The Oxford Handbook of Byzantine Studies

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ISBN / ISSN: 9780199252466
Basım yılı ve yeri: 2008 / Oxford
Dil: İngilizce
Cilt Tipi: Sert kapak
Kondisyon: Yeni
Ürün Boyutları: 175 x 250 mm
Ürün Ağırlığı: 2500 gr

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The Oxford Handbook of Byzantine Studies presents discussions by leading experts on all significant aspects of this diverse and fast-growing field. Byzantine Studies deals with the history and culture of the Byzantine Empire, the eastern half of the Late Roman Empire, from the fourth to the fourteenth century. Its centre was the city formerly known as Byzantium, refounded as Constantinople in 324 CE, the present-day Istanbul. Under its emperors, patriarchs, and all-pervasive bureaucracy Byzantium developed a distinctive society: Greek in language, Roman in legal system, and Christian in religion. Byzantium's impact in the European Middle Ages is hard to over-estimate, as a bulwark against invaders, as a meeting-point for trade from Asia and the Mediterranean, as a guardian of the classical literary and artistic heritage, and as a creator of its own magnificent artistic style.



I. The Discipline

 1: Byzantine Studies as an academic discipline


      Elizabeth Jeffreys, Robin Cormack & John Haldon: 

 2: Instrumenta: tools for the study of the discipline

     John Haldon: Primary sources

     Anthony Bryer: Chronology and dating

     Chris Entwistle: Weights and measures

     James Crow: Archaeology

     Leslie Brubaker: Critical approaches to art history

     Kathleen Corrigan: Iconography

     Panagiotis Agapitos: Literary criticism

     Michael Jeffreys: Textual criticism

     Erich Trapp: Lexicography and electronic textual resources

     Hickey Todd: Palaeography, codicology, diplomatic

     Andreas Muller: Documents: imperial chrysobulls

     Rosemary Morris: Documents: Athos

     Sally McKee: Documents: Venetian Crete

     Cyril Mango: Epigraphy

     John Nesbitt: Sigillography

     Eurydike Georganteli: Numismatics

     Dion Smythe: Prosopography

     Peter Kuniholm: Dendrochronology

     Jonathan Bardill: Brickstamps

     Cecily Hennessy: Topography of Constantinople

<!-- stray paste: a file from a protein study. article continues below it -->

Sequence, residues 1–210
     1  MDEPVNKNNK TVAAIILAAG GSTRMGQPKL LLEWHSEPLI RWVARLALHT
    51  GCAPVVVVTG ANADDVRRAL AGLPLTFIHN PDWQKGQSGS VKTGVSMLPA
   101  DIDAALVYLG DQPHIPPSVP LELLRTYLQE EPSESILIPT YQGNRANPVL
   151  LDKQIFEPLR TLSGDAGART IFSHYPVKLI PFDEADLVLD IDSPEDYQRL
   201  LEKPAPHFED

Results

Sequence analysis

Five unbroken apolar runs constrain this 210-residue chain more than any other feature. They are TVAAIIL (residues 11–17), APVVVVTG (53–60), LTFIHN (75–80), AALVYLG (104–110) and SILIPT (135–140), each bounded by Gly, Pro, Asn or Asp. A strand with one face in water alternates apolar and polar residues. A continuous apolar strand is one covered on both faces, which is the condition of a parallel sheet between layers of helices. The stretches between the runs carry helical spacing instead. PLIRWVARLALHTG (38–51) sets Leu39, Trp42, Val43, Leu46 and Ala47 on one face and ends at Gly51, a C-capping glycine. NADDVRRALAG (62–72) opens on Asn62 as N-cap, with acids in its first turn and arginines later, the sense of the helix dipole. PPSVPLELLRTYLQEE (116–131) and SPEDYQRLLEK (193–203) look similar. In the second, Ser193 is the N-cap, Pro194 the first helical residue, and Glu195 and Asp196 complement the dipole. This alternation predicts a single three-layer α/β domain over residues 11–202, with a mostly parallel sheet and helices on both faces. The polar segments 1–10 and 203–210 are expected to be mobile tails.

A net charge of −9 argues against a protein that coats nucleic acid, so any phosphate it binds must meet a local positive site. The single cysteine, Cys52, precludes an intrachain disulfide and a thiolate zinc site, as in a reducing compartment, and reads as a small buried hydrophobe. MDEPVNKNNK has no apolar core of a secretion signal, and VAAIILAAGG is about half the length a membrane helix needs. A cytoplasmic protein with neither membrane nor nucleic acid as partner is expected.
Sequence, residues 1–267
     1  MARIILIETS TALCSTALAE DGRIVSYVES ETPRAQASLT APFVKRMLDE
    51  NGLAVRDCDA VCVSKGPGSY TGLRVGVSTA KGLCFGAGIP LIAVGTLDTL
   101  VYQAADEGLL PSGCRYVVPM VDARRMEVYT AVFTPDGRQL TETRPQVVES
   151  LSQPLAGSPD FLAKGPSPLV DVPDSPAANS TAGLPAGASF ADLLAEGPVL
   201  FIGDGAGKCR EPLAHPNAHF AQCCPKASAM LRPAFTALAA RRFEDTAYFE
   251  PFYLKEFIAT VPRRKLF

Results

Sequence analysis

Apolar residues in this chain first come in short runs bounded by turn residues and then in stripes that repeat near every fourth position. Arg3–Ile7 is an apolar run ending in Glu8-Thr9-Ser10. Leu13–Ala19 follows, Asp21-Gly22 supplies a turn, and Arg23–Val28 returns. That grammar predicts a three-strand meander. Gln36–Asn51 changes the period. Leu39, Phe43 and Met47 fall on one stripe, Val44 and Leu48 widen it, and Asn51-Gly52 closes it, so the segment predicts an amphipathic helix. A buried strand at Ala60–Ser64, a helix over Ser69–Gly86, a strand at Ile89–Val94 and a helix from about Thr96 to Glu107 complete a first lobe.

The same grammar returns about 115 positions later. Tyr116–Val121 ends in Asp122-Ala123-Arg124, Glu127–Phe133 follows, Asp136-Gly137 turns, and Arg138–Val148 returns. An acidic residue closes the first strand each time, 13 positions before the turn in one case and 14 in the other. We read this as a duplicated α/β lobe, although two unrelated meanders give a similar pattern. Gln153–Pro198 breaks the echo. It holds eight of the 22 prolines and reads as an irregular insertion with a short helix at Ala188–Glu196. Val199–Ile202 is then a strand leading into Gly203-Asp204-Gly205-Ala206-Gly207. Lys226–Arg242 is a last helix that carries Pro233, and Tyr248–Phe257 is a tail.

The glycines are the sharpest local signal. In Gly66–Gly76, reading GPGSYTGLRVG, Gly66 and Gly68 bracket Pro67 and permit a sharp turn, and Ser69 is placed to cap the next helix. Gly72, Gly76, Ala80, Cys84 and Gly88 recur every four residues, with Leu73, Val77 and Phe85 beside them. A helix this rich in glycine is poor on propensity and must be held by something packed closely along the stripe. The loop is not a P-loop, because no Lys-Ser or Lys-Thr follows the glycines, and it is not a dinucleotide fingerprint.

II. The Physical World: Landscape, Land Use and the Environment

 1: The political geography of the Byzantine world

     Mark Whittow: Geographical survey

     Geoffrey Greatrex, John Haldon,

     Catherine Holmes & Angeliki Laiou: Political-historical survey

 2: Communications (roads, bridges, etc.) Klaus Belke

 3: Population, demography and disease Dionysios Stathakopoulos

 4: Settlement 

     Helen Saradi: Towns and cities

     Alan Harvey: Villages

 5: Buildings and their decoration

     Jonathan Bardill: Building materials

     Robert Ousterhout: Churches and monasteries

     Charalambos Bakirtzis: Secular and military buildings

     Robin Cormack: Wallpaintings and mosaics

 6: Production, manufacture and technology

     Michael Decker: Agriculture and agricultural technology

     Maria Parani: Fabrics and clothing

     David Jacoby: Silk production

     Pamela Armstrong: Ceramics

     Marlia Mango: Metal work

     Antony Cutler: Ivory, steatite, enamel, and glass

     John Lowden: Book production

     John Haldon: Military technology and warfare

     John Pryor: Shipping and seafaring

     Michael Decker: Everyday technologies



III. Institutions and Relationships

 1: Hierarchies


     Jeffrey Featherstone: Emperor and court

     Jean-Claude Cheynet: Bureaucracy and aristocracies

     Mary Cunningham: Clergy, monks, and laity

2: The State

     John Haldon: Structures and administration

     John Haldon: Army

     Wolfram Brandes & John Haldon: Revenues and expenditure

3: The Church

     Michael Angold and Michael Whitby: Structures and administration

     Clarence Gallagher: Councils

     Clarence Gallagher: The Two Churches

     Robert Taft: Liturgy

     John McGuckin: Monasticism and monasteries

     Timothy Miller: Charitable institutions

 4: The economy Alan Harvey

 5: Society

     Liz James: Role of women 

     Ruth Macrides: Families and kinship

     Gunther Prinzing: Patronage and retinues

     Anthony Bryer: Food, wine, and feasting

     Charlotte Roueche: Entertainment, theatre and hippodrome

     Peregrine Hordern: Hospitals and hygiene

 6: Justice: legal literature Bernard Stolte

 7: The spiritual world

     Andrew Louth: Byzantine theology

     Dominic O'Meara & Katerina Hieradiakonou: Philosophies

 8: The symbolic world

     Henry Maguire: Art and text

     Nancy Sevcenko: Art and liturgy

     Jas Elsner: Art and pilgrimage

     Robin Cormack: Art and iconoclasm

     Maria Vassilaki: Icons

     Antony Eastmond: Art and the periphery

 9: Language, education and literacy

     Geoffrey Horrocks: Language

     Athanasios Markopoulos: Education

     Michael Jeffreys: Literacy

     Anne Tihon: Numeracy and science

     Nigel Wilson: Libraries

10: Literature

     Elizabeth Jeffreys: Rhetoric

     Michael Whitby & Michael Angold: Historiography

     Andrew Louth: Theology

     Alice-Mary Talbot: Hagiography

     Mary Cunningham: Homilies

     Margaret Mullett: Epistolography

     Wolfram Horander: Poetry and romances

     Eric McGeer: Military texts

11: Music Alexander Lingas



IV. The World around Byzantium

 1: Byzantium and its neighbours James Howard-Johnston

 2: Byzantium's role in world history Cyril Mango



Lists of rulers, patriarchs and popes


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